review: where angels fear to tread

15 February 2015

Tuscany Sunrise by Adnan Bubalo

book info:
on sale: now
copy from: library
pages: 195
review written: 15.2.15
originally published: 1905
edition read: Bantam Books

title: Where Angels Fear to Tread
author: E. M. Forster

The book begins with a thirty-something English widow bidding her in-laws goodbye as she prepares for a tour of Italy with her friend. Her brother-in-law comments "Here beginneth the New Life" (Forster 5), highlighting a sarcastic undertone the novel will address, along with themes of society, culture contrasts, morality, and good intentions gone wrong. When the widow, Lilia, arrives in Italy, she sends word to her family that she is to be married--and this action is the catalyst to the fatal events that will follow. In the tradition of Madame Bovary, Forster comments on the snobbish British upper-class through the discontent of a lonely woman and the tragedies that ensue her perilous decision.

I first got a taste of E.M Forster from his novel, Maurice, where I was amazed at how it was possible to hate every single character, even the protagonist. To make the writer feel such overall discontent with all the characters is a skill I noted, and recognised when I searched for books to read. Much like Maurice, Where Angels Fear to Tread involves a scheming mother and a son who held his mother with a certain level of contempt.

What I loved about this story was that I went in knowing nothing of what the story was going to be about. In fact, I've deliberately written my own summary so as to reveal as little as possible about the plot itself. The twists and turns and unexpected transitions were absolutely masterful, and incredibly thrilling to read. The characters were, for the most part, well-written and well enjoyed though I do find fault with one aspect.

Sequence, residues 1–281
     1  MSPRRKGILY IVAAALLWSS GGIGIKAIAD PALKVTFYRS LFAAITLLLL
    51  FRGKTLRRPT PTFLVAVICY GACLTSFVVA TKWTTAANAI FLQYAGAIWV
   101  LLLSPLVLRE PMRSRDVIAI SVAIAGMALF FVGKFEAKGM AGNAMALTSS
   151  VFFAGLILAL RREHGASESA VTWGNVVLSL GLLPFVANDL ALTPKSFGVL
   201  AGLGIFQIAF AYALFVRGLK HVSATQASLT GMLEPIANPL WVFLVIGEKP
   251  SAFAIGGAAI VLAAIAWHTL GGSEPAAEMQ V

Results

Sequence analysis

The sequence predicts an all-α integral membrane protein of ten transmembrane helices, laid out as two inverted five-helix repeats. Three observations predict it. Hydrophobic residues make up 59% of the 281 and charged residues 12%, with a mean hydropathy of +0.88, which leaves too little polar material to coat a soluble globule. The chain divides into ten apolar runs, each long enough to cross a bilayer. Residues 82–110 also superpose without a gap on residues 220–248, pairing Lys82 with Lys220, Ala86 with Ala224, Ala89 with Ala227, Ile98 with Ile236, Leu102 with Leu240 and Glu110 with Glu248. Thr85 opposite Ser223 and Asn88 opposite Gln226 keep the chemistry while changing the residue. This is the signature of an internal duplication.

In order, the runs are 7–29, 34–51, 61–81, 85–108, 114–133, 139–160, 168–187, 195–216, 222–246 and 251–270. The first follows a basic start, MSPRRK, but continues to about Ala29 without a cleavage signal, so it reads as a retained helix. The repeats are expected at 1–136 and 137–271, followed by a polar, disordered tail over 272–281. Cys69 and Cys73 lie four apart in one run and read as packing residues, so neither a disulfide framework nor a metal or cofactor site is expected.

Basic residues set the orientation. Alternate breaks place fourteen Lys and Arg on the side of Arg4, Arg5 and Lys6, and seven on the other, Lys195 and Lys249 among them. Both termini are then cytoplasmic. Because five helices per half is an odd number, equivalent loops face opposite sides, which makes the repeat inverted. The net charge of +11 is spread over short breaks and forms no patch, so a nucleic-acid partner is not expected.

The subtle sexism I found in a book consisting mainly of female characters (only 2 male characters) was not surprising, but I'm still displeased by it. A sentiment I've noticed from other literature from this time period is that women are weak of the mind and body. Almost the exact same thoughts are regurgitated all across the board from Madame Bovary to Where the Angels Fear to Tread and so on. The plethora of male authors, coupled with the stigma against female authors, might be one of the causes. Nonetheless, I was disturbed with certain lines that only appeared in the male perspective, like "Evidently she had the usual femenine incapacity for grasping philosophy" (81) and the man mocks a woman by finding her a room "in the comfort that befits your sex and disposition" (102). In a public event with a lady accompanying him, the man "[wished] she had no come looking like a guy" (123). While the last is not necessarily sexist, it struck me the wrong way because I've been criticised on many occasions for dressing "masculine", which is something that I think shouldn't displease anyone.

Nevertheless, the cynicism and the dry humour were two aspects I enjoyed very much from the book. Although the language and pretentious, false concern/expression did bother me, they did not take away from my opinion of the book as a whole. The book is a relatively short read and contains a fascinating, engaging plot with colourful and intriguing characters (though I think some descriptions of them were slightly unrealistic). I'd recommend this book to readers interested in a witty, quick read about the faults of the British upper class and the clash of cultures.

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